The bank has turned you down. Now what?
Lending institutions are naturally the first place to look for the capital to start or expand your business. If you're just starting out, you're very likely to be turned down if you can't demonstrate at least one previously or currently successful venture, or participation in a successful one with others. If you're looking for expansion capital, you're likely to be turned down if your revenues and earnings history are mediocre or weak—for whatever reason which can be entirely legitimate.
The plain fact is that banks work with public money—not their own. By law they cannot finance risky ventures, even if the product or service seems promising up-front. Unless your start-up or expansion shows solid evidence to support probable success, such as substantial orders or a good earnings history, the bank sees you as an unacceptable risk. And you get turned down. For the record, few start-ups can demonstrate any substantial orders and are almost always turned down by banks because of the high failure rate of new businesses. Somebody like Microsoft Chairman Bill Gates could get money from any bank for a start-up, but don't you try it. Gates' track record speaks for itself.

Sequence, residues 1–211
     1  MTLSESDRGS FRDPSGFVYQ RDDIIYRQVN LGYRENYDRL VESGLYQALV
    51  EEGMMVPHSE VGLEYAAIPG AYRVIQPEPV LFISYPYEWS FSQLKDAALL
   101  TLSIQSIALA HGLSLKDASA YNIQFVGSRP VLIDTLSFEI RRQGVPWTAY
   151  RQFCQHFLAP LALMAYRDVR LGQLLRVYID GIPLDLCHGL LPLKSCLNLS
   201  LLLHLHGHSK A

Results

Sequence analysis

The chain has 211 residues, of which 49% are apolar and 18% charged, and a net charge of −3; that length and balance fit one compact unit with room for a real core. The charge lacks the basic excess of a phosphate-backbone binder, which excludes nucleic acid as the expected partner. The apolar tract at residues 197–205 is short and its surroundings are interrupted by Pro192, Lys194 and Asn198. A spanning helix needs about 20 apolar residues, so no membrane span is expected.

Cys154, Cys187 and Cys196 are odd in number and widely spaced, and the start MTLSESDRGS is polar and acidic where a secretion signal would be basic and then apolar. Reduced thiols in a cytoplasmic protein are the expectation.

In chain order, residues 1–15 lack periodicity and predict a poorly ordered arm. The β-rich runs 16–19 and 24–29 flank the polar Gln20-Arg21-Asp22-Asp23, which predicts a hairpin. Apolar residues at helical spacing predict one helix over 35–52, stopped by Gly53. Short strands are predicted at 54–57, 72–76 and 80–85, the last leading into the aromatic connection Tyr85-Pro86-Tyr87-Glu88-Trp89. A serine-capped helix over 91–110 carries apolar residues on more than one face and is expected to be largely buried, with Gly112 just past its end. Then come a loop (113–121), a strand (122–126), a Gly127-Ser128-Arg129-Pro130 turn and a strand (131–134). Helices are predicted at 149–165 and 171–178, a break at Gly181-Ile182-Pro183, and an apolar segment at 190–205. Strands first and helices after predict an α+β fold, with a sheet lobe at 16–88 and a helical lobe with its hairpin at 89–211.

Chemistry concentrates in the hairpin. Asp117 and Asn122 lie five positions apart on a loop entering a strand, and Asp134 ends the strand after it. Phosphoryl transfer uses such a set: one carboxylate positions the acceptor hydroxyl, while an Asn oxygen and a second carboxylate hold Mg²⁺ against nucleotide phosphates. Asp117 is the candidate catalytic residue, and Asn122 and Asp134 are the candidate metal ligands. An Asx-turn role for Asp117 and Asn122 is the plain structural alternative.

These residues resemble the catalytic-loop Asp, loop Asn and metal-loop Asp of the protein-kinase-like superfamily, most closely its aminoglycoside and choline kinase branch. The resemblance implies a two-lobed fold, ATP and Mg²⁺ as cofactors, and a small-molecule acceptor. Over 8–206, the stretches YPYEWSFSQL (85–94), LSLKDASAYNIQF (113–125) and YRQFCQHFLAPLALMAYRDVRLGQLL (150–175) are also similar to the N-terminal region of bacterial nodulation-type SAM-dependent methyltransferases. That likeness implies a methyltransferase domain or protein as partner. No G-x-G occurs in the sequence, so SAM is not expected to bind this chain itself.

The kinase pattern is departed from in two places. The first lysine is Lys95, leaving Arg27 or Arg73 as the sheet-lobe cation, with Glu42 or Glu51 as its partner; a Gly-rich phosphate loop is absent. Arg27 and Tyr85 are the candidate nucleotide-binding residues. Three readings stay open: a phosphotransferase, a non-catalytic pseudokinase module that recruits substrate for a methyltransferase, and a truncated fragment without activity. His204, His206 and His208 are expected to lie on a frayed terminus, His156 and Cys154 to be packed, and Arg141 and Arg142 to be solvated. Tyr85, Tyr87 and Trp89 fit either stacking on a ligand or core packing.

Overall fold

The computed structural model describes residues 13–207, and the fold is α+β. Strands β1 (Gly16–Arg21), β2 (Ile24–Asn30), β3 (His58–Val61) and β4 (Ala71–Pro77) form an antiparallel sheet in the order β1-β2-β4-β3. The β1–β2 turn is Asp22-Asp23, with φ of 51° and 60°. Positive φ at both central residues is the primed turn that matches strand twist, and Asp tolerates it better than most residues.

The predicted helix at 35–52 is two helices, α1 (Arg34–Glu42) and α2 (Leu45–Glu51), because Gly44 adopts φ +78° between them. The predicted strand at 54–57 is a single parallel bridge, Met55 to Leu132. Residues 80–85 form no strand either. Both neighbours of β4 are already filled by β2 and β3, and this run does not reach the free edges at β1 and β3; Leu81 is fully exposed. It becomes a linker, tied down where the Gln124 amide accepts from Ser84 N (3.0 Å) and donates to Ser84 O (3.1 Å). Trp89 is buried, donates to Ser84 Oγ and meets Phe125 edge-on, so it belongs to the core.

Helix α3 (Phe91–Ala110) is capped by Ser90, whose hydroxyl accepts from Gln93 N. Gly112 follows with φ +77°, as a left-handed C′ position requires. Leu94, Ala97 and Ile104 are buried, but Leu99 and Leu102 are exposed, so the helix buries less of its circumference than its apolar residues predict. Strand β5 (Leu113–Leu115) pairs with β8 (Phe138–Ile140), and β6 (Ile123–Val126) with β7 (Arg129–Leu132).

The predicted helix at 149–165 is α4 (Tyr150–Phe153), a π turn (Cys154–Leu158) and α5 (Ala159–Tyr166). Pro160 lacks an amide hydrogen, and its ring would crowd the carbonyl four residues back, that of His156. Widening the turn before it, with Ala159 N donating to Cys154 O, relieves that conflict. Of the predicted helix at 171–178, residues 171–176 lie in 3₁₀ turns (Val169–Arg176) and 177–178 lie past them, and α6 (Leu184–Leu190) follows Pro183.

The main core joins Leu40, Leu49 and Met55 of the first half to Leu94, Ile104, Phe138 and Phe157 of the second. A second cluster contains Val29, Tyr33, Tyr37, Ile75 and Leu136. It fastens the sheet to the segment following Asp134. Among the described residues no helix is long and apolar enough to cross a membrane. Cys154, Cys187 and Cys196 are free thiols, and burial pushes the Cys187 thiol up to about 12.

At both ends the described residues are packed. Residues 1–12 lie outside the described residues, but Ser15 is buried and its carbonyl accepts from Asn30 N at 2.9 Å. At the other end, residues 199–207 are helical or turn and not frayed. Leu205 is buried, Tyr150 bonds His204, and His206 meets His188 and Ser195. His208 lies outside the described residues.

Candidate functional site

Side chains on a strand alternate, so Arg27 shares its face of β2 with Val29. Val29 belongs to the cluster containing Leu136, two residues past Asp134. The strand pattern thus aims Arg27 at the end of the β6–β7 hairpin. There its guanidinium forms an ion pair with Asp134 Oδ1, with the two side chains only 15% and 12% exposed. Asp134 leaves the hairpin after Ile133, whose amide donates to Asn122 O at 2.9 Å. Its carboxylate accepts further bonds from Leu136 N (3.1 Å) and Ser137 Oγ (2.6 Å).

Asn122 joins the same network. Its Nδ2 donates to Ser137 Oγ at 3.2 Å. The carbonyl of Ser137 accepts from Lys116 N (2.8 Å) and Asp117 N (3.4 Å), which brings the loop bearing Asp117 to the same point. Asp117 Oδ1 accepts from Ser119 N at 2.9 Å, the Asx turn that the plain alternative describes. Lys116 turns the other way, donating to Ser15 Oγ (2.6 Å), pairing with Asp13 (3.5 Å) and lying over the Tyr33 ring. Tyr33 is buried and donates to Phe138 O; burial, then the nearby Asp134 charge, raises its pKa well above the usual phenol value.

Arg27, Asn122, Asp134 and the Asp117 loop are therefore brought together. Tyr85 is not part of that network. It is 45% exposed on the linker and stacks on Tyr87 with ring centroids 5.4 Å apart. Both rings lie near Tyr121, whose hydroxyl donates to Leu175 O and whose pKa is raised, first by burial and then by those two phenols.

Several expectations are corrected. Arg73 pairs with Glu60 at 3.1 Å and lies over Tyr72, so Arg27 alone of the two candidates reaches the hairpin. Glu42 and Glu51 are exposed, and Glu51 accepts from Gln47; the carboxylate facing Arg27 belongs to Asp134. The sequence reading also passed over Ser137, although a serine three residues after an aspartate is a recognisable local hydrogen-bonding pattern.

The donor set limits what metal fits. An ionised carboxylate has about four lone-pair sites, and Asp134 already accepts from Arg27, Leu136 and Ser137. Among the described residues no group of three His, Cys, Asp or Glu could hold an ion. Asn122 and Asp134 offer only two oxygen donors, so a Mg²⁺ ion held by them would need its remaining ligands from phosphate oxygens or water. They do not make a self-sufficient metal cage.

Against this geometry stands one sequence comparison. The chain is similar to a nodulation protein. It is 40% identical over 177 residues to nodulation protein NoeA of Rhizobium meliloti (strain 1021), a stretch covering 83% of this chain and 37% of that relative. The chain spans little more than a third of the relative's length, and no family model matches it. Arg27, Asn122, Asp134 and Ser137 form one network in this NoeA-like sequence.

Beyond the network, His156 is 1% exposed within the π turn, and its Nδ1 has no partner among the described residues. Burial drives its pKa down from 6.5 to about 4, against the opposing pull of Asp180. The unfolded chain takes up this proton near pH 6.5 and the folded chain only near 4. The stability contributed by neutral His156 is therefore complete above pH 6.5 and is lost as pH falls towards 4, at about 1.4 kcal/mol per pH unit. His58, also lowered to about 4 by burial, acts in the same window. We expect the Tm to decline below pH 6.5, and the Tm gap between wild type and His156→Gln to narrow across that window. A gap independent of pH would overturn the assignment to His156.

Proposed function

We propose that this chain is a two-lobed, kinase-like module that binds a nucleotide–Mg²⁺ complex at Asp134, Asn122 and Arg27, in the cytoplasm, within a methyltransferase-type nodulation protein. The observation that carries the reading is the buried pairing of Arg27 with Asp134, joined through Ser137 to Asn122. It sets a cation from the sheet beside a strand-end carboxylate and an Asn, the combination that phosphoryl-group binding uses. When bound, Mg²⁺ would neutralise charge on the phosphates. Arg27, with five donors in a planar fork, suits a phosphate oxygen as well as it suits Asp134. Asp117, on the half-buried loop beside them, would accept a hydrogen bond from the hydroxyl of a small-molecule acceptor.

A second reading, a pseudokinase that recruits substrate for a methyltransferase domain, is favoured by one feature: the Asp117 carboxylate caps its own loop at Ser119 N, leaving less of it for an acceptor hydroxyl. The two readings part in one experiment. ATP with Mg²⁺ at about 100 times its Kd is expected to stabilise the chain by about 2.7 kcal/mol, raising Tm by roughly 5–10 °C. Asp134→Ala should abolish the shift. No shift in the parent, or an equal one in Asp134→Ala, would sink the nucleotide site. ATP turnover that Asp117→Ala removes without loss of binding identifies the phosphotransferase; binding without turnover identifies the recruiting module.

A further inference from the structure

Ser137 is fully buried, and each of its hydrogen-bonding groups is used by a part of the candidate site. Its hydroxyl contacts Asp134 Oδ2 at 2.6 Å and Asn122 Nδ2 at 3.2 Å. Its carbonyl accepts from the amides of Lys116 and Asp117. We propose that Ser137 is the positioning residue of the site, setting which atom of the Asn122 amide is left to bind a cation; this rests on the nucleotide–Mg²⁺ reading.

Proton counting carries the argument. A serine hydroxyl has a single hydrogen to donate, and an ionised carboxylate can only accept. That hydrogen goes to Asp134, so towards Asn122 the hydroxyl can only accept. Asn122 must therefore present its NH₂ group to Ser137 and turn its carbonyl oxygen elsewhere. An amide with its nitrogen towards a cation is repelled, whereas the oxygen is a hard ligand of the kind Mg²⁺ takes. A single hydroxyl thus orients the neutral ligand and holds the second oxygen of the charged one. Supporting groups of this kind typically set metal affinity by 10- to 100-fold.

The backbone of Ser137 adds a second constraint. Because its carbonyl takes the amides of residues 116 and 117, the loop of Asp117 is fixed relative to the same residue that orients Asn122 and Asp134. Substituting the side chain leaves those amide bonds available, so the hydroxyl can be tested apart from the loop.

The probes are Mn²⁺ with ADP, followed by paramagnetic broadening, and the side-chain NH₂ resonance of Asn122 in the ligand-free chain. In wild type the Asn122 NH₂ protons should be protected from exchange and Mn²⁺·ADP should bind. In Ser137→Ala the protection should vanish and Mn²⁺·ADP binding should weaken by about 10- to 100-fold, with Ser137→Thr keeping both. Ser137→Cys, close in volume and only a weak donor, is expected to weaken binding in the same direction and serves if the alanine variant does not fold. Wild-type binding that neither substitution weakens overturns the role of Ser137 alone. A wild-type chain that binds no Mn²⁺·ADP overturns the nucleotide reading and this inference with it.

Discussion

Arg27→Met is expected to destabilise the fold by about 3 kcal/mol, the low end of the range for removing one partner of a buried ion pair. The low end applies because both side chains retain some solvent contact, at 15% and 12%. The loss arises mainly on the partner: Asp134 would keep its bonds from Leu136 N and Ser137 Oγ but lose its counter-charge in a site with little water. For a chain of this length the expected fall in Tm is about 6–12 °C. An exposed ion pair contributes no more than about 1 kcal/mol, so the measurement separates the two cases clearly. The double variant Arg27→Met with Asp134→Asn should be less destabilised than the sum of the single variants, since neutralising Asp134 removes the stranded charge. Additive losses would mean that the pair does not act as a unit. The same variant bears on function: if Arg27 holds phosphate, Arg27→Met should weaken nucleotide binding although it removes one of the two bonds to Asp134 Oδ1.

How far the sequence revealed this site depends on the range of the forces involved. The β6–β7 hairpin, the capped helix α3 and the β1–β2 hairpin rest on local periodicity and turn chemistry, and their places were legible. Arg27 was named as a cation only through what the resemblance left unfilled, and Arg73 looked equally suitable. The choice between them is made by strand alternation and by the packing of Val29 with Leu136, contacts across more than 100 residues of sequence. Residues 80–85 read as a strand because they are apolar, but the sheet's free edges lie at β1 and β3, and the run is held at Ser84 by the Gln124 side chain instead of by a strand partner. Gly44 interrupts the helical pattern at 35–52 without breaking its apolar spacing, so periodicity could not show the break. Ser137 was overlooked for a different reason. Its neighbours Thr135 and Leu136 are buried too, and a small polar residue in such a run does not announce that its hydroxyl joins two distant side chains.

If you're a startup, your best bet is not to bother wasting valuable time with a bank unless you have enough orders to cover the value of the loan. And they must be confirmed orders—not just letters of interest. Expansions, on the other hand, must demonstrate a revenue history sufficient to justify the market projections for the project.